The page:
Hulk Hogan's Main Event Review (Xbox 360)
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I suppose a Kinect wrestling game was inevitable, but I’m not sure anyone expected this. Hulk Hogan’s Main Event is an interesting experience, with some unique ideas and concepts. It simply boils down to another mini-game collection with extremely limited options and sub-par graphics.
The “main event” is actually made up of several small events called “stunts.” Each is essentially a short -- and slow-paced -- mini-game that asks you to complete certain motions at precise times. A little Hulk Hogan pops-up in the corner to hold your hand by showing the required motion.
For instance, a chair-pounding “stunt” has your opponent raising a chair above his head. Depending on the angle of the chair, you need to block with the correct hand. Your actions, in this game anyway, need not be timed; simply get the block in before the hit lands. Block enough chairs to the face and you’ll eventually wind up in possession of the chair and an opportunity to land a crushing blow.
Most stunts give each player a health bar; lose all of your health and you need to restart. However, should you be successful, you’ll transition to another stunt. Each transition is represented by a comic-book sequence that shows what happened in the interim.
A few of the “stunts” are initially sort of fun, and require you to dodge and strike “Punch Out” style. Without spending too much time in the tutorial, it was fun to gradually see myself improve as I keyed in on my opponent actions.
The worst parts of the gameplay, though, come at the beginning and the end of each match. You need to wait through a turtle-paced entrance game, complete with “match the poses” and “dodge the trash” games. The final pin game is pretty dumb too, with little logic to be had in your motions. You simply do what Hulk commands.
Kinect-wise, I had little problems; though to be honest this game isn’t taxing the limits of the system. Most moves use only your arms; occasionally slight leg movements come into play. You don’t need to move around the room or worry about having too much space.
I some ways, this simpler approach to a game is welcomed. There isn’t a need to clear out couches or move the coffee table. Plus, the simplicity means it works well most of the time.
However, there were a few instances where the Kinect wasn’t accurately picking up my motions (the "trash game" was the worst offender). And "functional, dumbed down controls" isn’t exactly the highest praise.
Ask a casual observer, and he or she may mistake this game for a PS2 or Xbox game -- the graphics are that bad. Even Hulk Hogan -- the game’s title character -- looks like he’s made of clay. There’s a little bit of Mr. Bill in the Hulkster.
The announcer is equally terrible, and the comic book scenes -- sort of a neat idea -- are relatively worthless. The written dialogue is cheesy and each opposing character is relatively generic (look, it's the cowboy from Boise!) . The character models themselves look like an amateur attempt at mimicking the style of WWE All-Stars.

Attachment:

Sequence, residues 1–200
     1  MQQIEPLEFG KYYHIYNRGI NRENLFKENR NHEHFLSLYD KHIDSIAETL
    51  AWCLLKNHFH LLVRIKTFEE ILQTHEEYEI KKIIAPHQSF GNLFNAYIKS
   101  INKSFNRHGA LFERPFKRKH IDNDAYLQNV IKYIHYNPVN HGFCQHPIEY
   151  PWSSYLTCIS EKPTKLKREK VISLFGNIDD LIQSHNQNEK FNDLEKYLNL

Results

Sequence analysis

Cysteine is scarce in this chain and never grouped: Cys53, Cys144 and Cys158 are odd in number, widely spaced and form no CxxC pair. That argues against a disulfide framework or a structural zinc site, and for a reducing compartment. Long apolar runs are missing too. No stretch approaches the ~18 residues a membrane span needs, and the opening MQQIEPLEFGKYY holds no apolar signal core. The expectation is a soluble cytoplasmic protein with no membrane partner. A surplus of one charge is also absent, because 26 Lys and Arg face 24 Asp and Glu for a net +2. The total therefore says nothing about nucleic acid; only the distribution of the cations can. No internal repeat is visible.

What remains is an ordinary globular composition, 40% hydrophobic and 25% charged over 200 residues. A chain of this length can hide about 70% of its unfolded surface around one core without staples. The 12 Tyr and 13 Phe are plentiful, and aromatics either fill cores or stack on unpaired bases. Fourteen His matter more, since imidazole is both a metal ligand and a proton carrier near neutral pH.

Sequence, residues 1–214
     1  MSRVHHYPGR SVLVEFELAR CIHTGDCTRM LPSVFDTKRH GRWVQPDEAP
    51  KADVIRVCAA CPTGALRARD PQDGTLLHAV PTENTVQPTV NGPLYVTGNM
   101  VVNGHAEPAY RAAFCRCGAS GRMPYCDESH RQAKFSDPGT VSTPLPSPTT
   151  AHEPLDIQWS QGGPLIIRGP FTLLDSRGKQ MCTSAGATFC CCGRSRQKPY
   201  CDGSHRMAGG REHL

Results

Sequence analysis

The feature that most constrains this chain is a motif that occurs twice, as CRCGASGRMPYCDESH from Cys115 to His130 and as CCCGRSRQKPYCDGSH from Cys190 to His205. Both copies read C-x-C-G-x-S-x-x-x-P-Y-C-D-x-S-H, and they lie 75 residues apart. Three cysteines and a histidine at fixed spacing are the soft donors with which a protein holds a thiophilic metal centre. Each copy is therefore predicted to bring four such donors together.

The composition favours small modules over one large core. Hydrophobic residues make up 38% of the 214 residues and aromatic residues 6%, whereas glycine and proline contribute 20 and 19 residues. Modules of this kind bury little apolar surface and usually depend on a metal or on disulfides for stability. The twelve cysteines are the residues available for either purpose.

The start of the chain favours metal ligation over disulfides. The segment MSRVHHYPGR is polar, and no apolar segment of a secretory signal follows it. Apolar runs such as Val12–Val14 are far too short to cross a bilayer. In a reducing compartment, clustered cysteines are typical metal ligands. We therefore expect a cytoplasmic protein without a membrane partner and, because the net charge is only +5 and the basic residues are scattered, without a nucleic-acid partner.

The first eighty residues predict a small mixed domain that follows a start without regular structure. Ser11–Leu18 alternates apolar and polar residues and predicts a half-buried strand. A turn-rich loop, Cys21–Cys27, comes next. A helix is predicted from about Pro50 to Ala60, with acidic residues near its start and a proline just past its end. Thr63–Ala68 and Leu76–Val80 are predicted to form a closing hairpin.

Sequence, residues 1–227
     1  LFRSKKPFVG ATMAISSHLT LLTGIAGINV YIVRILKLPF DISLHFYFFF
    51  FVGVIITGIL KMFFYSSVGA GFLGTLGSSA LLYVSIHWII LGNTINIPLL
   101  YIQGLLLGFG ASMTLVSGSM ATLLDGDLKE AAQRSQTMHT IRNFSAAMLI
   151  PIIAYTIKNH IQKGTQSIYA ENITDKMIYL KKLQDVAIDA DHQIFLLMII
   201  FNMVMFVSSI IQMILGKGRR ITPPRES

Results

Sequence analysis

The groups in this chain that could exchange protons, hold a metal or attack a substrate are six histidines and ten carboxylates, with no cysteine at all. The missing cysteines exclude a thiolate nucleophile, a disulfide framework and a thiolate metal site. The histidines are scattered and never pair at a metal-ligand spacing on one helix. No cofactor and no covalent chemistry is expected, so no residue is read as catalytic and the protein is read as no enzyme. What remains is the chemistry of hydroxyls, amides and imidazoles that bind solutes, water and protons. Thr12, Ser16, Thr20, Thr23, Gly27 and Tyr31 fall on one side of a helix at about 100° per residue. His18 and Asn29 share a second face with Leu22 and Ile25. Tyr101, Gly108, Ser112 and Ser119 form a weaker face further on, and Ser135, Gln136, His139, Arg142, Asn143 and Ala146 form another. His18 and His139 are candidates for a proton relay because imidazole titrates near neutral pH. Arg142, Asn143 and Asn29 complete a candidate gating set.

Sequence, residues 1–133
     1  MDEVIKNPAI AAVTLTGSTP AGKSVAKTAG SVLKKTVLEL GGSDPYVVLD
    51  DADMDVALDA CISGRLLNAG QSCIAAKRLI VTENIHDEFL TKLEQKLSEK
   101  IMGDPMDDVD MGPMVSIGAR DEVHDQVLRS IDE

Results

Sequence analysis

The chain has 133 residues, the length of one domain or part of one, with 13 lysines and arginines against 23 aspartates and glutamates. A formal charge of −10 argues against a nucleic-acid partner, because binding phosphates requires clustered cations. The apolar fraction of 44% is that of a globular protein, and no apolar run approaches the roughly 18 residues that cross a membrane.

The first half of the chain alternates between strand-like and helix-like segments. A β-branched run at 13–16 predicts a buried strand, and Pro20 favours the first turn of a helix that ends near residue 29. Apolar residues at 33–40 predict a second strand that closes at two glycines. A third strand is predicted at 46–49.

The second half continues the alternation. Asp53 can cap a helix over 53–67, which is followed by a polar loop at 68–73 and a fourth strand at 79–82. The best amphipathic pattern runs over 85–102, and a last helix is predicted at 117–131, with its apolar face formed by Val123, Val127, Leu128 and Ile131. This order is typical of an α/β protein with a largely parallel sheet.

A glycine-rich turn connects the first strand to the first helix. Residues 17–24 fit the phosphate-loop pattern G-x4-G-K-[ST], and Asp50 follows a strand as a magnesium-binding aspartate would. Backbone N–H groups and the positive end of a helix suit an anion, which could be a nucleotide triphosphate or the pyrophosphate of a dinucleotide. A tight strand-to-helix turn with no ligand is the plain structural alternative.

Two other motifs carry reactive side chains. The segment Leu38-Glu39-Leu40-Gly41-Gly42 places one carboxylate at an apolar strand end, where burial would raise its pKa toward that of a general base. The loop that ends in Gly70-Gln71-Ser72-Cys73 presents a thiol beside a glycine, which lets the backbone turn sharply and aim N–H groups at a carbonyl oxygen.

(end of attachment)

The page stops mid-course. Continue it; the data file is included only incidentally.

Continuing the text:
There is a career mode that takes you through various venues, unlocking options and gear to customize your character. You’ll need them, since there are hardly any character options. And regardless of how you create your wrestler, he’ll look pretty goofy.
The story is very cliche (“the unknown rises to the top”) and doesn’t offer much in the way of real story telling. The first hour or so is also a lengthy tutorial, showing you the various stunt types and how to move.
This mode -- in fact this whole game -- would be much better if it were more quickly paced.
The idea of connecting related mini-games in a narrative is a refreshing change of pace, especially since it seems pretty random. There are enough mini-games and stunts to make each match feel like a different experience, at least for a while. However, the execution is severely lacking, regardless of whether you are talking about the graphics, story, controls or the pacing. In fact, the whole game feels like a budget title or cheap Xbox Arcade game.
Too bad it’s retailing at $50 -- save your money, brother!
Learning Curve: One of the few times that a game holds your hand too much. Little Hulk never goes away; you are really just watching him.
Control Scheme: The motion controls are so limited that the game rarely doesn’t work right. Still, there are moments of frustration.
Visuals: Really poor; it’s not just the overall quality, but the style of the characters feels really amateurish.
Audio: Annoying announcer and very little Hogan.
Value: There isn’t much to do, and for a wrestling game, very few modes worth mentioning. Feels like a budget title.
Score: 2.5 (Bad)
What does the score mean? These games are just plain bad. There may be one redeeming quality about these games, but there are very serious flaws that cannot be overlooked. Think the game that plays horribly everywhere except in this instance. Something along those lines. Or maybe the graphics are good and nothing else. Something like that.